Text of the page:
French health authorities have advised against the use of Moderna’s Spikevax COVID-19 vaccine for people under the age of 30 after a large study published on Monday showed the shot carries a slightly higher risk for heart-related diseases after the second dose.
The results from the study that was led by Epi-Phare, an independent group of scientists who act as advisors to the French government, showed that vaccines from both Pfizer and Moderna were associated with an increased risk of hospitalization for myocarditis (inflammation of the heart muscle), and pericarditis (inflammation of the tissue surrounding the heart), within seven days of vaccination.
“This study confirms the existence of a risk of myocarditis and pericarditis within 7 days following vaccination against COVID-19 with an mRNA vaccine (Pfizer BioNTech and Moderna) in people aged 12 to 50 years, particularly young people under 30 years old,” it concluded.
The agency noted that the risk is higher with Moderna, although the “number of cases attributable to vaccines appears infrequent in relation to the number of doses administered.”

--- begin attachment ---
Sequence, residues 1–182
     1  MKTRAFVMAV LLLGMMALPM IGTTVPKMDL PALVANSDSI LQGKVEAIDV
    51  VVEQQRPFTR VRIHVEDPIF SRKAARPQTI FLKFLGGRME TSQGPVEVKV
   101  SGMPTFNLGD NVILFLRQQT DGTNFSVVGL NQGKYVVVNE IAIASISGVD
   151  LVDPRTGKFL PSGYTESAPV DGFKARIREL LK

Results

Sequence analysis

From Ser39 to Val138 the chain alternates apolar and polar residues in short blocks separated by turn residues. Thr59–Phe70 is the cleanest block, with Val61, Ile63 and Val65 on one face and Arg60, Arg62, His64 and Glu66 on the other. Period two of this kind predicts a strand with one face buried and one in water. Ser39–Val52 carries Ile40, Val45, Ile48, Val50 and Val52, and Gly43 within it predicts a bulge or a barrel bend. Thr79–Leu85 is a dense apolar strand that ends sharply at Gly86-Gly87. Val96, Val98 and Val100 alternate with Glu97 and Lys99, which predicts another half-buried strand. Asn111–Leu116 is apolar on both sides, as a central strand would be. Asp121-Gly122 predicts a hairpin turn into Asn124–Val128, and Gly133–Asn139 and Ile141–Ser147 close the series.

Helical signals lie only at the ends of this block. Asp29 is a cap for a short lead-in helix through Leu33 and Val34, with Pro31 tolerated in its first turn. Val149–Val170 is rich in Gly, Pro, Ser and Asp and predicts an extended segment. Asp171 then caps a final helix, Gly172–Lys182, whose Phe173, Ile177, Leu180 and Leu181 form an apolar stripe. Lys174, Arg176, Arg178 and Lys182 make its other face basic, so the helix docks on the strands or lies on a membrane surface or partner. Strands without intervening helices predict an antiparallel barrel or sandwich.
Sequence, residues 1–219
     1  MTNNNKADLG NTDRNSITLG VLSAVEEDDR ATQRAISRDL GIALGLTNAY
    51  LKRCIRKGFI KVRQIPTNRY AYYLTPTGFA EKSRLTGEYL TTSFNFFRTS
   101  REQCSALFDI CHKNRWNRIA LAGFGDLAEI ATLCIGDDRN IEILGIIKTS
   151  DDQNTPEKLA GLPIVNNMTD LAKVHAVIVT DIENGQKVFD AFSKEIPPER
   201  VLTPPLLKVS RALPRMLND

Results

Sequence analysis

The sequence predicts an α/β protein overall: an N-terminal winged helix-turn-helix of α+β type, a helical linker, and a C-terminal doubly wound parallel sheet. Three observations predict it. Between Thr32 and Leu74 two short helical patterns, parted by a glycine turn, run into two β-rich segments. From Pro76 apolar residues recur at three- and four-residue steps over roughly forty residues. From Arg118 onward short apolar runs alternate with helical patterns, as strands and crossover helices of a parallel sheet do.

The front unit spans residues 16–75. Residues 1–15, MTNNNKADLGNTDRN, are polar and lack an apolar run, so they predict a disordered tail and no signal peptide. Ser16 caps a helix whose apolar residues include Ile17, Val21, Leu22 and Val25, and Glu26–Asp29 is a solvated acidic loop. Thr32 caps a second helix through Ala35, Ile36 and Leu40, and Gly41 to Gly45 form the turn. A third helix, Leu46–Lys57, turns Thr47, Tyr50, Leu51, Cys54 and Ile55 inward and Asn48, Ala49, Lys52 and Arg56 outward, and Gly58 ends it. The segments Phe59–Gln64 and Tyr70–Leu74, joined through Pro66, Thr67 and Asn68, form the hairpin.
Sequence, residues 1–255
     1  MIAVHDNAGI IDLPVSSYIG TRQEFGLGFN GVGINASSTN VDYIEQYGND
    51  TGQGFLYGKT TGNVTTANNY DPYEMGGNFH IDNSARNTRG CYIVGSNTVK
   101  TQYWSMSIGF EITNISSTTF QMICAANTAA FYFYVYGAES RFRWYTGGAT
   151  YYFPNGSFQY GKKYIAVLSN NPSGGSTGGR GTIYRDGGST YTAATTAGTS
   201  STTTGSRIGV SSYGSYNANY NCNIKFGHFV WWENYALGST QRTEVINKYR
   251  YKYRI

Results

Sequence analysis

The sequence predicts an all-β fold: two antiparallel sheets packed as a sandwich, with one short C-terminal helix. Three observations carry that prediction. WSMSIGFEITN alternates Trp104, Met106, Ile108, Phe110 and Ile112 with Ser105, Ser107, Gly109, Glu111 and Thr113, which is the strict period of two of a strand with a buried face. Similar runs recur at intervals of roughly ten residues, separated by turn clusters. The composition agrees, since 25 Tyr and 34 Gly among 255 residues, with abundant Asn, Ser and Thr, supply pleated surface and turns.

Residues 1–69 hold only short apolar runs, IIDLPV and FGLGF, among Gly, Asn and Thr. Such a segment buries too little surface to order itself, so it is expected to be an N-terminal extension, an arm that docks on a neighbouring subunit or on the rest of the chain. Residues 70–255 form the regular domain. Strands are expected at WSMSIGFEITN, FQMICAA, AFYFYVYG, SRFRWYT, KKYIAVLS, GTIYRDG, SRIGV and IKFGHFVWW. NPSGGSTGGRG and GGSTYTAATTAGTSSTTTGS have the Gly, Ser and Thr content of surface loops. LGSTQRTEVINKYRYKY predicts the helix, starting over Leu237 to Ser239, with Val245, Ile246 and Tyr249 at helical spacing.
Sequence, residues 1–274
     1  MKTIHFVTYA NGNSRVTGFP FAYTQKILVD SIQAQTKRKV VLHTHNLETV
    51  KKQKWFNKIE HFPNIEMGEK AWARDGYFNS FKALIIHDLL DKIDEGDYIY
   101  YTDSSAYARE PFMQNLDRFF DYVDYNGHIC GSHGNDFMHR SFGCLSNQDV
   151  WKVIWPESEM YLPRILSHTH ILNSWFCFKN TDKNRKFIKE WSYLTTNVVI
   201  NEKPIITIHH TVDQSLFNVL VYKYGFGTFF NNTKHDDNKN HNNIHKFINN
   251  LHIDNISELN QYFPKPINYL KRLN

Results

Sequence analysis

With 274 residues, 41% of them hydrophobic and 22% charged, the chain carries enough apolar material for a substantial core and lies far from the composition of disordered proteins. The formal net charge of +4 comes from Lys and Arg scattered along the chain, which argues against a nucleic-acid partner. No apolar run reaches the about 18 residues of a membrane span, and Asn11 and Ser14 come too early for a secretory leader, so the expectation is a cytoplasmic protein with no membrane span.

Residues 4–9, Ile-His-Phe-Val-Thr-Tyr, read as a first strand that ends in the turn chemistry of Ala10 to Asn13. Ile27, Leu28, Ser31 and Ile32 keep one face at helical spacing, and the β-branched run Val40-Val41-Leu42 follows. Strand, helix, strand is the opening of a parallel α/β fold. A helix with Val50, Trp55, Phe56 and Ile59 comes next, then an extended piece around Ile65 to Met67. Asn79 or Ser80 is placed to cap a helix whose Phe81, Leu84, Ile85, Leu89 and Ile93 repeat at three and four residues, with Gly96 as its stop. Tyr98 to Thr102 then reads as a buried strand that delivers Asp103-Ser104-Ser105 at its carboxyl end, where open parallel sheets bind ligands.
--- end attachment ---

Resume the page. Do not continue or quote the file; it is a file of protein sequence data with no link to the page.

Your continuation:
According to an opinion published by Haute Autorite de Sante (HAS), the risk was around five times lower with the Pfizer vaccine compared to the jab offered by Moderna for people in this age group.
HAS, which does not have the legal authority to ban or license drugs in the country but acts as an advisor to health officials, did recommend Moderna over Pfizer for people over the age of 30, saying its effectiveness is slightly superior.
The study looked at all hospitalizations of myocarditis or pericarditis that occurred in France between May 15 and Aug. 31 among people aged between 12 and 50. No deaths among patients hospitalized with these illnesses following vaccination have been reported.
France’s advice against the Moderna vaccine comes after regulators in several other countries, including Canada, Finland, Norway, and Sweden, have also taken a more defensive stance on Spikevax over heart-related safety concerns affecting younger people. Denmark halted its distribution of the vaccine to anyone under the age of 18.
The European Union’s drug regulator EMA last month approved Moderna’s booster vaccine for all age groups over 18, at least six months after the second dose.
Earlier this year, the EMA also said that it had found a possible link between the rare inflammatory heart condition and COVID-19 vaccines from both Pfizer’s and Moderna’s vaccines.
Reuters contributed to this report.